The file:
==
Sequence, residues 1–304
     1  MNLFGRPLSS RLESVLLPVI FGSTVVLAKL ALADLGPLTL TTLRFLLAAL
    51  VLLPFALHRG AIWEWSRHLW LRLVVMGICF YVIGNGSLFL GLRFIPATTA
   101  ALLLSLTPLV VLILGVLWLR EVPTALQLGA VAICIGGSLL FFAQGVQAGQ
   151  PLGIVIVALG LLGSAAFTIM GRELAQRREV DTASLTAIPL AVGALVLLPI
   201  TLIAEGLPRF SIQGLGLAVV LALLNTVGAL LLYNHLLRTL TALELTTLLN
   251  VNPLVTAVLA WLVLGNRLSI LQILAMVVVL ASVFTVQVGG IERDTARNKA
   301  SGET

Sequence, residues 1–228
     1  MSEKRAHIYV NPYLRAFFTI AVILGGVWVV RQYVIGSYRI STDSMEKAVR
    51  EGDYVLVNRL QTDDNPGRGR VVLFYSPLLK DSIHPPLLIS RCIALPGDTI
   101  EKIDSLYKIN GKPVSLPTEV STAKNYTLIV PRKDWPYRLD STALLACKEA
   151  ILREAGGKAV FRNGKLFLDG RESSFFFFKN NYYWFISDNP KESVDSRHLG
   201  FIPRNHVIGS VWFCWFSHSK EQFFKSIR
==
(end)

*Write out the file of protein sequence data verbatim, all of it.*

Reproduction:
Sequence, residues 1–304
     1  MNLFGRPLSS RLESVLLPVI FGSTVVLAKL ALADLGPLTL TTLRFLLAAL
    51  VLLPFALHRG AIWEWSRHLW LRLVVMGICF YVIGNGSLFL GLRFIPATTA
   101  ALLLSLTPLV VLILGVLWLR EVPTALQLGA VAICIGGSLL FFAQGVQAGQ
   151  PLGIVIVALG LLGSAAFTIM GRELAQRREV DTASLTAIPL AVGALVLLPI
   201  TLIAEGLPRF SIQGLGLAVV LALLNTVGAL LLYNHLLRTL TALELTTLLN
   251  VNPLVTAVLA WLVLGNRLSI LQILAMVVVL ASVFTVQVGG IERDTARNKA
   301  SGET

Sequence, residues 1–228
     1  MSEKRAHIYV NPYLRAFFTI AVILGGVWVV RQYVIGSYRI STDSMEKAVR
    51  EGDYVLVNRL QTDDNPGRGR VVLFYSPLLK DSIHPPLLIS RCIALPGDTI
   101  EKIDSLYKIN GKPVSLPTEV STAKNYTLIV PRKDWPYRLD STALLACKEA
   151  ILREAGGKAV FRNGKLFLDG RESSFFFFKN NYYWFISDNP KESVDSRHLG
   201  FIPRNHVIGS VWFCWFSHSK EQFFKSIR